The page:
So now I am reforming and reconstructing my life.
First of all, calm down. Hey, it's just a game! You sound as if your whole life depends upon whether you win or lose! You might want to read this post about how to deal with losses.
Why do I push my E and D pawns in openings?
I would caution you against criticizing your opening (or any other aspect of your game) based on the outcome of just one humiliating defeat. Many top players have got crushed and humiliated. Look at Deep Blue vs Gary Kasparov, 1997, Game 6; perhaps the most humiliating defeat of Gary Kasparov's career; yet he still remained number 1 in the world for the rest of his career. Also consider Botvinnik's humiliating defeat against Tal in game 6 of their match in 1960, where Tal played an unsound sacrifice and still beat Botvinnik. Botvinnik lost that match, but came back stronger in the rematch and crushed Tal (+10 -5 = 6).
Am I a pawn-push addict? Am I better off with the pawns on the 4th and
5th ranks than on 3rd and 4th?
Only you can answer the first part. For the second part, you may or may not be better off with pawns on the 4th and 5th vs pawns on the 3rd and 4th. It depends upon the position and also your playing style. Pawns on the 4th and 5th rank often occur in these type of configurations-
[FEN "4k3/pp3ppp/3p4/2pP4/4P3/8/PP3PPP/4K3 w - - 0 6"]
Benoni Type Structure (White plans e4-e5 break at some point)
[FEN "4k3/ppp2ppp/4p3/3pP3/3P4/8/PPP2PPP/4K3 w - - 0 3"]
French Type Structure (White plans kingside attack and maybe even f4-f5 break)
[FEN "6k1/ppp2p1p/3p2p1/3Pp3/2P1P3/8/PP3PPP/4K3 w - - 0 7"]
King's Indian Type Structure (White plans c4-c5 and queen side attack)
The advantage of such pawn structure is obvious- White has more space whereas Black has less space to move pieces. The disadvantage is that it's often easier for Black to attack White's pawn chain than for White to do the same (except in case of the Benoni). The simple reason is that it is easier for Black to make moves like
f5 to attack the central d4 or e4 pawns which support the pawns on the 5th rank, than for White to try to play
c4-c5 to undermine the
d6 pawns that hold Black's position. Moreover, White has to make additional moves like
f3 to support the pawn chain, whereas Black's pawns often support the chain from their natural squares like
To determine whether these positions are "good" (suitable to your style of play) for you, you must examine some sample games in these structures to see if they fit your style.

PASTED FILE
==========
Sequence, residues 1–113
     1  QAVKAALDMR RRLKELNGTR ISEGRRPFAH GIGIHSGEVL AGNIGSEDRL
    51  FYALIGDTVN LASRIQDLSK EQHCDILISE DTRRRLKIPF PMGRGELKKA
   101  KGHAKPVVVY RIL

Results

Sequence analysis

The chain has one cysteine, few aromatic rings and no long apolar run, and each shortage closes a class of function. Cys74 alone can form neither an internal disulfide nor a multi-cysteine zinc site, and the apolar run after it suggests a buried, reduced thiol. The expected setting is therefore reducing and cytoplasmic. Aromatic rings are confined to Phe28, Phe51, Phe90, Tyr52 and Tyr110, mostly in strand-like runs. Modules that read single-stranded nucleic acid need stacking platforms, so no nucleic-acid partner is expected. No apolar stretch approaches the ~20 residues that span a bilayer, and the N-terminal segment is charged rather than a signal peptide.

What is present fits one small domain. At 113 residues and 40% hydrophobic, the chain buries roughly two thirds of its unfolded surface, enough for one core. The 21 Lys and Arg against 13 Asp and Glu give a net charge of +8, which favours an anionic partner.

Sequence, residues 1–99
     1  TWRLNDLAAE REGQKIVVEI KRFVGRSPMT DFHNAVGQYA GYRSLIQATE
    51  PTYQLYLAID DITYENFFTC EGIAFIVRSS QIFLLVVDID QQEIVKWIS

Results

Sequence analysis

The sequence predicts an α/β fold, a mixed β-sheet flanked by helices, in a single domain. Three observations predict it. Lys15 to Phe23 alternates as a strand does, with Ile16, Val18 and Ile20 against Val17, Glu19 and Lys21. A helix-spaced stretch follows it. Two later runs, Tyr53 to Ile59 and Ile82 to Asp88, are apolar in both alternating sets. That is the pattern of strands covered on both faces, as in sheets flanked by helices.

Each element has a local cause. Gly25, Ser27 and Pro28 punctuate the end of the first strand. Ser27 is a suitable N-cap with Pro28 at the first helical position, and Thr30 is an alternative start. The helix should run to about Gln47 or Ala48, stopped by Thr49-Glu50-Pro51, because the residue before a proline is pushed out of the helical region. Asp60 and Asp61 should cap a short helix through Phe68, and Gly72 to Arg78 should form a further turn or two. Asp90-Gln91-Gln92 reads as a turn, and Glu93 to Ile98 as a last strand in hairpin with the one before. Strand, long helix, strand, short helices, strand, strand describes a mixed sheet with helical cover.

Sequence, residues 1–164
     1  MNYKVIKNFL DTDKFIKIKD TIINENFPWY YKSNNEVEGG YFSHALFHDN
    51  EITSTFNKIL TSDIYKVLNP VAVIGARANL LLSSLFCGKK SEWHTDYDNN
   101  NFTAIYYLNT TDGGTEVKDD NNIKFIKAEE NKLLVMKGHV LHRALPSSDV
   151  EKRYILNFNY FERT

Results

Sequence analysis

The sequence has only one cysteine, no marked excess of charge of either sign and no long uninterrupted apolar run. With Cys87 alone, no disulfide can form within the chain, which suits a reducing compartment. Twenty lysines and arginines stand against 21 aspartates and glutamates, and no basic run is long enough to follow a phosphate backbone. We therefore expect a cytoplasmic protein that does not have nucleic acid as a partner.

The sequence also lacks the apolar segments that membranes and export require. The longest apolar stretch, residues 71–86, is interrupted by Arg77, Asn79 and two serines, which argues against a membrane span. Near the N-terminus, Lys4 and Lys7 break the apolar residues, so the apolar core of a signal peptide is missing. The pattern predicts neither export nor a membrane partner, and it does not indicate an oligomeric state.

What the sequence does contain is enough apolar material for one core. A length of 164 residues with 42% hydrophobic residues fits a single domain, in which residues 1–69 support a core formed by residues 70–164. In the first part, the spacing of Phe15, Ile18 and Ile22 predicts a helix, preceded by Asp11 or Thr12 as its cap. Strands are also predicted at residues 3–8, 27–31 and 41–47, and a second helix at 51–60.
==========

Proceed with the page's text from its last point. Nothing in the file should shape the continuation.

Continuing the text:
Sample games with these structures - Benoni, French, King's Indian.
If not, you will definitely be better off placing pawns on the 3rd and 4th ranks most of the time. In those cases, you have to note that you will not be able to maintain the pawn center for long. You either have to push your pawns to the 5th rank or exchange pawns when Black attacks.
Some sample structures -
[FEN "4k3/pp3ppp/4p3/2p5/3P4/2P5/PP3PPP/4K3 w - - 0 5"]
Alapin Sicilian Type Structure (White usually gets isolated pawn on d4 but great piece activity)
[FEN "4k3/pp3ppp/4p3/3p4/2PP4/8/PP3PPP/4K3 w - - 0 5"]
Panov Attack Type Structure (Might lead to isolated pawn. White plays on the kingside or queenside depending upon how Black continues)
[FEN "3qk3/ppp2ppp/8/3p4/2PP4/8/PP3PPP/4K3 w - - 0 4"]
Exchange French Type Structure (Might lead to isolated pawn. Black is in no real danger)
[FEN "4k3/pp3ppp/2p1p3/3p4/2PP4/4P3/PP3PPP/4K3 w - - 0 4"]
Queen's Pawn Opening Type Structure (Flexible. White may play on the kingside or the queenside depending upon how the game proceeds. White may try e3-e4 or cxd5 exd5 and b4-b5 if Black allows)
[FEN "4k3/ppp2ppp/3p4/4p3/3PP3/2P5/PP3PPP/4K3 w - - 0 3"]
Ruy Lopez Type Structure (White plans d4-d5 at the opportune moment and kingside attack)
You can look up these openings in a similar way. The advantage is that your pawn center is not that easily attacked and your "mobile" pawns can prevent Black pieces from activity in the center. The disadvantage is that your opponent's center is often strong too. Besides, in such positions, White can often acquire an isolated pawn, which may become a disadvantage in the endgame.
The important think to note is, you can't simply win by maintaining pawns on the 3rd and 4th ranks. Your pawns either have to advance or exchange with enemy pawns to create advantages of space, mobility, outposts, backward pawns for opponent, etc. It's knowing when to push to the 5th rank that's important. That comes with experience and studying games with different pawn structures.